Several months ago, my awesome parents helped me move between apartments in Kansas City. Dad was driving the van and I was riding shotgun. On the way back from my old apartment, I looked out the window occasionally and was stunned at all the stuff I hadn't noticed before. I'd driven along this stretch of highway every day for over a year, and there were factories, office parks and subdivisions that I had just never seen, because of the way I look at the road when I'm driving.
That was a bit of an eye-opening experience for me. I still pay attention to where I'm driving, of course, but when traffic is light, especially if I've driven a route before, I'll try and catch glances sideways. I was doing this last week when I noticed a path running to the left of Highway 17, maybe about 10 feet below the grade. A lot of people were bicycling there; I caught five in the fraction of a second I looked there. Now that I'd caught it, I paid more attention on the way back from work. It became clear that this was a longish path, one that presumably ran further north and south than I'd seen yet.
I began to make some hypotheses. I knew that one guy at work (the "other" Chris) takes Caltrain from San Francisco every day, and then bikes all the way from San Jose Dridiron down to our Los Gatos office. I'd always assumed he rode down on city streets, but now it seemed likely that for part of the time he took this trail.
I'm not a hard-core environmentalist, but when I have two roughly equal alternatives I'll try to take the choice that causes less damage to our resources. One of the nice things about moving to the Bay Area (that phrase again!) is that in addition to seeing Priuses everywhere, there is a large and strong bicycle community. I'd earlier considered buying a bike, but had concluded that I wouldn't use it enough to justify getting one.
Now I had an inkling of a motivation. I don't live that far from work to begin with; it takes me around 10 minutes to drive there. Granted, most of that time is on a freeway going 65, but it still isn't that great a distance. It looked like this trail might run close to my apartment; if so, it would be very doable to become a bicycle commuter.
Growing up, I loved my bicycle. I remember with particular fondness a 21-speed mountain bike that I used to go exploring. I'd gradually venture further and further from home, and my parents would gradually expand my boundaries. I could now go past Highland! I could now cross Judicial and bicycle around the pond! The sense of freedom I got was acute, probably one of the five most liberating feelings I've had in my life. (Hm, 5? I should attach a list to the end of this post...)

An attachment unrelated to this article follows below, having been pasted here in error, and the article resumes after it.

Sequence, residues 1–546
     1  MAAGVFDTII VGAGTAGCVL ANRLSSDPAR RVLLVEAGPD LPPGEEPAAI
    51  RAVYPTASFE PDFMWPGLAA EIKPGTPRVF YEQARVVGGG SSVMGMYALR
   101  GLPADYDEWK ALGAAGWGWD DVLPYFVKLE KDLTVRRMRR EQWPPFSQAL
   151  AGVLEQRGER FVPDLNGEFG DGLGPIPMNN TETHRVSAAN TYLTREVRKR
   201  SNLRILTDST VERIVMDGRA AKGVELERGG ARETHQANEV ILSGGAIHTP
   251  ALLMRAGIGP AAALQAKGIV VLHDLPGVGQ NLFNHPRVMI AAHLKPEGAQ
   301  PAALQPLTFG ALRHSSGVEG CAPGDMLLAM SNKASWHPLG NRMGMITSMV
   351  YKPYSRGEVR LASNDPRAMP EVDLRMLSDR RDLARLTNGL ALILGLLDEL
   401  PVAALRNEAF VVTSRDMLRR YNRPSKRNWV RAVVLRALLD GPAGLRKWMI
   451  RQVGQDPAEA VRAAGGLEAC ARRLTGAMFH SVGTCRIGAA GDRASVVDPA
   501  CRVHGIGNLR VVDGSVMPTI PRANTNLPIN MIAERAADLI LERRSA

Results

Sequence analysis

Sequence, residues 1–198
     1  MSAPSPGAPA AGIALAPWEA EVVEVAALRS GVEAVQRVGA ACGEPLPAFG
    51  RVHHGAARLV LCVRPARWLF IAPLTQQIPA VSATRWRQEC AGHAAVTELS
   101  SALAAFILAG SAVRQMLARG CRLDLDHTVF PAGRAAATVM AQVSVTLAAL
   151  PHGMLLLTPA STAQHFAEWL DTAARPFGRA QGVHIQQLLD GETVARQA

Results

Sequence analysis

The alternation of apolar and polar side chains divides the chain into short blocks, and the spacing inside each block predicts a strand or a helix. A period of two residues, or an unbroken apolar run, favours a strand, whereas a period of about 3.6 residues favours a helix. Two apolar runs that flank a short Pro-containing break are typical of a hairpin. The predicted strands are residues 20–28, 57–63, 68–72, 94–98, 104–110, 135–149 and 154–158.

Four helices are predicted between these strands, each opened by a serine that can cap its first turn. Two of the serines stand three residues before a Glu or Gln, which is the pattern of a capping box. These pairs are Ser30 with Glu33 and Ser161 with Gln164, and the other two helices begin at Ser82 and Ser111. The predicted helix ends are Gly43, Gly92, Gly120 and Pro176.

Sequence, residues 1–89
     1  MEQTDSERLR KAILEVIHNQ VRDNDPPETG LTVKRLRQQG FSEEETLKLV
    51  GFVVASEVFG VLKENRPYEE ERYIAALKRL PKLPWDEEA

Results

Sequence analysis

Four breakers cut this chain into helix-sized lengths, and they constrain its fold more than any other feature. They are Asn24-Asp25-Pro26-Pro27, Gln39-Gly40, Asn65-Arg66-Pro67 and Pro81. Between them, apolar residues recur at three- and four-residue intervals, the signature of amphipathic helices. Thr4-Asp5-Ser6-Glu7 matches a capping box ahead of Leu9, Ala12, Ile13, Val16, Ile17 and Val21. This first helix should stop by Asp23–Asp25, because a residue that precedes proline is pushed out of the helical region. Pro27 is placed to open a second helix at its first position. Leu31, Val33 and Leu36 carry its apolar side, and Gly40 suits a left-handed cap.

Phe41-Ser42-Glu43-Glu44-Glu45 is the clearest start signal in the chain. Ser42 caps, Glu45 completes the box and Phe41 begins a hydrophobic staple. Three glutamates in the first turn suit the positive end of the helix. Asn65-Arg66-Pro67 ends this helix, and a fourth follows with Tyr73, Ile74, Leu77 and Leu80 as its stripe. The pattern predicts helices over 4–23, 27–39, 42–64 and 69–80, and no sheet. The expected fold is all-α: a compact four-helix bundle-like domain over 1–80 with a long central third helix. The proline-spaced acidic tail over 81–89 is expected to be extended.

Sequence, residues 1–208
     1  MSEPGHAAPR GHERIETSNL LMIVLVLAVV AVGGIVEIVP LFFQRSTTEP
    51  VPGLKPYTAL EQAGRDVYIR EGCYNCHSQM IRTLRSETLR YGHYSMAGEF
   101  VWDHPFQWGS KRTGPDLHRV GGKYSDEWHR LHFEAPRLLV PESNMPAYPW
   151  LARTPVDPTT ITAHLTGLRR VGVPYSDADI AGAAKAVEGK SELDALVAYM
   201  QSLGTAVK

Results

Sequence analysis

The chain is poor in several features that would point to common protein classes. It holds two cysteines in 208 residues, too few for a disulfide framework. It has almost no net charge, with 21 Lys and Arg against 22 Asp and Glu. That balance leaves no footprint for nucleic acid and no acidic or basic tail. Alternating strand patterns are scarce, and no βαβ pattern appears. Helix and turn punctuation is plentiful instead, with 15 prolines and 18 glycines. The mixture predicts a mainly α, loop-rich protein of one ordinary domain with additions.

But I had stopped riding after I turned 16 and my family moved to Illinois. First off, I was now learning to drive, and both needed and wanted to get more experience behind the wheels. Secondly, it was a new neighborhood, and just didn't have the same thrill that my old haunts had. Oh, there was a great bicycle trail called the prairie Path that seemed to run forever and could take you to downtown Wheaton and points far beyond, but you had to wait to cross a very busy intersection to get on it, and ultimately it didn't excite me that much to ride down a dirt path between trees and occasionally cross a road. The bicycle stayed in our garage, and while I was nostalgic for the times I remembered, I didn't feel very compelled to pick it up again.
Oh, maybe I should also mention that my dad is an avid cyclist. He's an absolute machine. He enjoyed cycling in Minnesota, but has gotten in phenomenal shape in Illinois, going amazing distances whenever he can. Once he cycled all the way from Wheaton down to Urbana to visit Andrew at school... but that's another story.
Anyways. I liked this idea, so I shot my dad an email asking if he had any advice for me in purchasing a bike. However, I wanted to make sure this trail did what I thought it did, and that it would be accessible at both ends. So, in lieu of my traditional Saturday hike, today I decided to walk to work.
I found a map of the trail online, appropriately enough called the Los Gatos Creek Trail. It did indeed run within a few blocks of my apartment, although the marked entrances were further away. I picked one that looked interesting and headed out a little before 9AM.